Azmin’s Trip to Tamil Nadu

I was moved and inspired to have joined SOTE’s visit to Tamil Nadu, India, in January 2017. During this trip, we met the people who are involved with and benefit from the projects that SOTE supports. Prior to joining the visit, I had travelled in India for three months, but had not had the opportunity to meet communities living in such rural and isolated areas where travelling any distance requires good transport and which are often not accessible.

The first project we were taken to was at CRUSADE. At CRUSADE, SOTE supports the empowerment of women, as well as the elderly and disabled.  By supporting the work here, I could see that SOTE’s funding is helping the vulnerable of Indian society, those who are considered to be at the bottom of the caste system. SOTE’s support raises their self-esteem, which creates a platform for good mental health  where the whole family, especially children can benefit  and flourish. 

We then met women who had already been involved in CRUSADE’s training as well as those currently in training. The role of these women is to go into the villages and talk to other women about a variety of issues, mostly health and money related, but not confined to these subjects. It seemed the biggest need for them was to get reliable transport to the villages, as distances were too great for walking or there were no clear roads to travel on.  

We also met women from villages who said they had benefited in many ways from CRUSADE’s work such as support for transport for hospital appointments, getting a government ID card and learning to read and write. One of the most emotional things for me was meeting the disabled and elderly in the villages. For me, it seemed that there is still a lack of understanding about learning difficulties and mental health needs generally in India, which I found difficult to comprehend. However, the CRUSADE staff were full of good intentions with progressive thinking and Jothi, the wonderful Director of CRUSADE, was open to hearing how they could work less discriminately in these areas. Lastly, for me, the monthly homeopathic team that visited the villages was also of real help to villagers. Without CRUSADE these villagers would not have access to healthcare.  

It was a real privilege to be able to meet, talk to and see for myself how the local villagers lived, and I felt even more honored when we met with the amazing Peter and his team at the CARE Foundation who support the poor Londor begging community. Where do I start? So much good work is being done here. First of all, building relationships of trust with these communities, especially the begging community, takes time and dedication. Seeing how the families lived, some in plastic tents, and understanding how hard it is to break begging patterns so old that it is as if they are engraved in their bones, is not easy for SOTE to overcome. Alcohol problems within the community are an obstacle that will take time to resolve, but I got the impression  there was a real desire on the part of the families for a better future for themselves and their children.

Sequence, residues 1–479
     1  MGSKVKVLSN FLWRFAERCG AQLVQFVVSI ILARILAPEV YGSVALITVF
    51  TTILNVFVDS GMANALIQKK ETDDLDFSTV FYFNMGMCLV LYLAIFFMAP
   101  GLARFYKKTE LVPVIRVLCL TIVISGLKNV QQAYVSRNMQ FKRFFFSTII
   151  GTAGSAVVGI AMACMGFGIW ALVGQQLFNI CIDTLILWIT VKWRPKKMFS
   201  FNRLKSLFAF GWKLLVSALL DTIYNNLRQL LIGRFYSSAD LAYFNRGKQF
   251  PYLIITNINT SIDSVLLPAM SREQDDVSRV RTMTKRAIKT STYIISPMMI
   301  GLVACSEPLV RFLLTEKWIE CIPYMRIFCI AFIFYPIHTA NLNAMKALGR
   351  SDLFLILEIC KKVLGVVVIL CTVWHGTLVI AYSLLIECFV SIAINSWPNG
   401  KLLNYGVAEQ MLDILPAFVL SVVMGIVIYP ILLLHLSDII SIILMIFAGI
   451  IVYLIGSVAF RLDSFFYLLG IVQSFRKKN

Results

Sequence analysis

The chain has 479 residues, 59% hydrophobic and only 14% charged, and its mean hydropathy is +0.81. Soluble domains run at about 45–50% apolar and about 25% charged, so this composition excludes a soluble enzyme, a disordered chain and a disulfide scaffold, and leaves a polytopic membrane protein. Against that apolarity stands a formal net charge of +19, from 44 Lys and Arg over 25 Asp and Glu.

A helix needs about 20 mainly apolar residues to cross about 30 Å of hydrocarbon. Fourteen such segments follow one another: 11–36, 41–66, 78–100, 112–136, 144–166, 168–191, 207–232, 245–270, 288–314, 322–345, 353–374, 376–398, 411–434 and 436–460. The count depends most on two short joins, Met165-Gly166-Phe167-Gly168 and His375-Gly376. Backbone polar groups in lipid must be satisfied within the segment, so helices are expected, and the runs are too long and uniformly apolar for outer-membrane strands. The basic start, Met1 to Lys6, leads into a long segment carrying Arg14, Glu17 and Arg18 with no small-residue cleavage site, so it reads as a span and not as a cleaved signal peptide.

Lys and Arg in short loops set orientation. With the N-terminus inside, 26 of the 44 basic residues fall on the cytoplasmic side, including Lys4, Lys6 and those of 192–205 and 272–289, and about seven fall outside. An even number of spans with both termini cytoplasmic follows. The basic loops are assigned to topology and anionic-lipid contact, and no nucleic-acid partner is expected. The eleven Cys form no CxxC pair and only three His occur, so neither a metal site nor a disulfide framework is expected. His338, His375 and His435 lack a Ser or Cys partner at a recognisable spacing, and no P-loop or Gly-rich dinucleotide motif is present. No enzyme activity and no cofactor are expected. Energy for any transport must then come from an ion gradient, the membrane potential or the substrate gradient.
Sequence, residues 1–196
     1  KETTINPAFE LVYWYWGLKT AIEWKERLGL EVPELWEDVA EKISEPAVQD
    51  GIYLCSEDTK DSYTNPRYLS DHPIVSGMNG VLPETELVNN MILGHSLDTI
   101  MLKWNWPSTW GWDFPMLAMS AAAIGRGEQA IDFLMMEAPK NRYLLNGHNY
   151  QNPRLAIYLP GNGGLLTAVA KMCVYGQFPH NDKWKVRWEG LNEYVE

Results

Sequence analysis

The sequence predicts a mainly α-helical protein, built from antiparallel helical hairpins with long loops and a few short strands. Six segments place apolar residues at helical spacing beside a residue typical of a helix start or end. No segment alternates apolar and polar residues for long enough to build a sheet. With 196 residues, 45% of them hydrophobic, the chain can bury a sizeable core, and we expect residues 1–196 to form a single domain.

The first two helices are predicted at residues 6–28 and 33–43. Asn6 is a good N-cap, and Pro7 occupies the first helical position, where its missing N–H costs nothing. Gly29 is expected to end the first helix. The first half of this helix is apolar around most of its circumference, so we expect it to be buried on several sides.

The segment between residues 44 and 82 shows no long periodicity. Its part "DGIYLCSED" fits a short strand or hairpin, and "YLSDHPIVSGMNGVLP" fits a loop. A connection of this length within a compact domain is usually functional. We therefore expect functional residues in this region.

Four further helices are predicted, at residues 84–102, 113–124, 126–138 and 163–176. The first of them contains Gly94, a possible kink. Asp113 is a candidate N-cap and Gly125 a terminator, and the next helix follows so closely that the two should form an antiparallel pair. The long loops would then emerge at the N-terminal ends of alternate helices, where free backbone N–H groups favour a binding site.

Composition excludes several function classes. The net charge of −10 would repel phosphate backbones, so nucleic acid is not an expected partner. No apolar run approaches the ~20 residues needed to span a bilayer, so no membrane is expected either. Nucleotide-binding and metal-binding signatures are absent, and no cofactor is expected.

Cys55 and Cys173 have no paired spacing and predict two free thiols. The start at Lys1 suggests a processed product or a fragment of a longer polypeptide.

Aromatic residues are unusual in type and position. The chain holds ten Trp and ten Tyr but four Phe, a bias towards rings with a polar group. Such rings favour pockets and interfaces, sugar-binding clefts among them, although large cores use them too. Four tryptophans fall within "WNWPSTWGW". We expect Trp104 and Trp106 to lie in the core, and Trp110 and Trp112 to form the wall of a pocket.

They had allowed Peter and his team to come in and support them to build better structured housing  after the flooding they experienced a few years ago and also let the children live in homes where staff took care of them and took them to school. The children we met were joyful and all looked well fed and happy. We understood that education of girls meant a decrease in child brides and this meant less abuse of girl children. A wonderful young girl  whose poor widowed Mother had asked Peter for help took us around. Peter had made sure the girl had an education and she was doing her Masters in social work and working on a dissertation when we met her. She wanted to work for CARE Foundation in the future as she and her family had benefited so much from the charity. What better endorsement.

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Adam Dickens